The provincial capital on the southern tip of Vancouver Island, Victoria is a harbour city rich with history but still progressive and modern. If Vancouver is BC's shining star, Victoria is the equally talented but overlooked younger sibling.
Being more remote, Victoria has both its advantages and disadvantages. Vancouver Island has a special island charm but of course takes a little extra effort to get there. Hop a ferry from Vancouver or splurge and take a seaplane/ferry (check prices)or a Helijet helicopter.
Don't stop at just Victoria though. Try to give Vancouver Island two or three days. You won't regret it.
Whistler has been known to winter enthusiasts for decades but the town's reputation skyrocketed as co-host of the 2010 Winter Olympics.
The town of Whistler is home to Whistler Blackcomb mountains - two towering hills that draw people from around the world to its 5,000'+ verticals, 200+ trails, glaciers, alpine bowls, state-of-the-art lifts and a chic, pedestrian-only village.
The year-round resort town also offers mountain biking, hiking, zip lining and is host to a film and food festival.
Part of the beauty of this BC town is getting there. The Sea to Sky Highway that connects Vancouver and Whistler is one of Canada's most beautiful drives.Personalized, private tours of Whistler from Vancouver are available and last about 8 hrs. Book now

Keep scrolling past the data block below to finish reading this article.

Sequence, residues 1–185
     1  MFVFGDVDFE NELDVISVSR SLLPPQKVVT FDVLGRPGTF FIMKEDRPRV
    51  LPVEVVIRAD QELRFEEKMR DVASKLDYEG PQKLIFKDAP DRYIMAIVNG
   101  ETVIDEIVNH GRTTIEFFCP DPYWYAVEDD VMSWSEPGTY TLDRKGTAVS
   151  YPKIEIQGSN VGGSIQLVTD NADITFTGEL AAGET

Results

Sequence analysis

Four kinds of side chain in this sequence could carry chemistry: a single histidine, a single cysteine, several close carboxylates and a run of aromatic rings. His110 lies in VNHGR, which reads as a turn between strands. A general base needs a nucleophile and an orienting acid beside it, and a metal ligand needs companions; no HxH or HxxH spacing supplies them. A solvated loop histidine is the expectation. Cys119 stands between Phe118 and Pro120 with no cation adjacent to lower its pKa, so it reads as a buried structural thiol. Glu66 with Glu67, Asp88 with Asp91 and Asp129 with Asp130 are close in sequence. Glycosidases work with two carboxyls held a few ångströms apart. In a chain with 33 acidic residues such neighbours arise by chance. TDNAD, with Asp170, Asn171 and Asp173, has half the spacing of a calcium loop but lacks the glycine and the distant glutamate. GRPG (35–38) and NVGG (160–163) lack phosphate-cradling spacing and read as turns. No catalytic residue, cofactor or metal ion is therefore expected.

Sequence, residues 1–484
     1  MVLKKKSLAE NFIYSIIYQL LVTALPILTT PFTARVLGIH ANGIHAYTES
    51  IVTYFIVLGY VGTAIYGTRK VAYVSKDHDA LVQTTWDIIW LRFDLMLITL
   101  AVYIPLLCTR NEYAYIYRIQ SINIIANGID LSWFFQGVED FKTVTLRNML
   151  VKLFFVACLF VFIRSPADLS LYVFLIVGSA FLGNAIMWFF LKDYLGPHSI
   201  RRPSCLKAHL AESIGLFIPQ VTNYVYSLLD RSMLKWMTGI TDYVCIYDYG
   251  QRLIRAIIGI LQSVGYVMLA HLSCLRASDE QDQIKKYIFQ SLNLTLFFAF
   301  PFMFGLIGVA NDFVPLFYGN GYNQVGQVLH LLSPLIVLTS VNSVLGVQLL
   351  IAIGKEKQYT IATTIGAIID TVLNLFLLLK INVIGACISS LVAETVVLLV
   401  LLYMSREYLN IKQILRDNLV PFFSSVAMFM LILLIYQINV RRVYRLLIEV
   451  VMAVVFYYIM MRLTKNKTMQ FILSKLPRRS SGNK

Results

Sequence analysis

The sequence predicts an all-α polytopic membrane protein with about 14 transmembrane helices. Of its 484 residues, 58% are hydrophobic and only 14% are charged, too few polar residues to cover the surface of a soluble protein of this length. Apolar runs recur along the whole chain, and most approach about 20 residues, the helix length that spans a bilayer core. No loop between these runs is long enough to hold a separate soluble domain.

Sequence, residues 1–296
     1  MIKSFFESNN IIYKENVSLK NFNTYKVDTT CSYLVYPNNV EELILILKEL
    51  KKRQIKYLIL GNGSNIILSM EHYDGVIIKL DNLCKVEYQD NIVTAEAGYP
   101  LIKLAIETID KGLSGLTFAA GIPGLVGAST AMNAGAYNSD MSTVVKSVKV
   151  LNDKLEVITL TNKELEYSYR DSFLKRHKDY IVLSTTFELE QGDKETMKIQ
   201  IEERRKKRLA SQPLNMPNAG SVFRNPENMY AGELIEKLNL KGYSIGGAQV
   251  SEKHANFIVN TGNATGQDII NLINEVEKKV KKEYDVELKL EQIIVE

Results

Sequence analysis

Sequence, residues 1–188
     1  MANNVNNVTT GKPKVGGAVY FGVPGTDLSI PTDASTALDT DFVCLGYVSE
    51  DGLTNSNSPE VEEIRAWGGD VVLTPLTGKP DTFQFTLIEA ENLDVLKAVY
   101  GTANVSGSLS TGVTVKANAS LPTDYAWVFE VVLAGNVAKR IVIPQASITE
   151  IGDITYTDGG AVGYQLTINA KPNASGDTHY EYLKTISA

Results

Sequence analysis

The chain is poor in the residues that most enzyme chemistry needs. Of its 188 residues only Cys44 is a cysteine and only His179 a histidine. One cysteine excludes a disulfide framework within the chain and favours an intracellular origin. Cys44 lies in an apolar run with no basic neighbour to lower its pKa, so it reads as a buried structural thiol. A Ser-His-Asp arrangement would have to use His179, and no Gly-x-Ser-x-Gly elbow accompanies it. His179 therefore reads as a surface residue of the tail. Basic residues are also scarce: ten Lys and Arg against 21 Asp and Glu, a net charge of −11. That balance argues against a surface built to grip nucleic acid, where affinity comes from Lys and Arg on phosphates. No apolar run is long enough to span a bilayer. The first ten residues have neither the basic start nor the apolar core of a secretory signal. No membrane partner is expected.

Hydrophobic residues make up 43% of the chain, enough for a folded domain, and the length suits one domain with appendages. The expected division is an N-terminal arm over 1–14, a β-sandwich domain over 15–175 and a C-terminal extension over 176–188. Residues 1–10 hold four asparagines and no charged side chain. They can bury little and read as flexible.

Peniticton is also home to the region's airport (YYF) that offers daily flights between Vancouver, which is about a 5 hour drive away.
Sitting just north of Penticton is Kelowna, the largest city in the Okanagan Valley. The long warm summers and short mild winters draw tourists year-round for biking, wine-tasting, swimming, skiing, snowmobiling and more.
The Kelowna International Airport (YLW) has daily flights to and from North American destinations (check flights to Kelowna).
Prince Rupert, like much of BC's northwest coast, has a rich First Nations history evident in its art, architecture and peoples.
Any mode of transport to Prince Rupert will be scenic - choose to get there by ferry, train, car/bus or plane.
Located in BC's interior, with a population of 12,000, Williams Lake is a natural hub for several scenic tours, including historic Gold Rush Trail, the Coast Cariboo Circle Tour, the Fraser River Trail and the Lakes and Trails Circle Tour.
A large, modern tourist centre, built in 2005 will give you plenty options for accommodation (a dude ranch perhaps?) and things to do, the most popular of which are mountain biking, fishing, and whitewater rafting.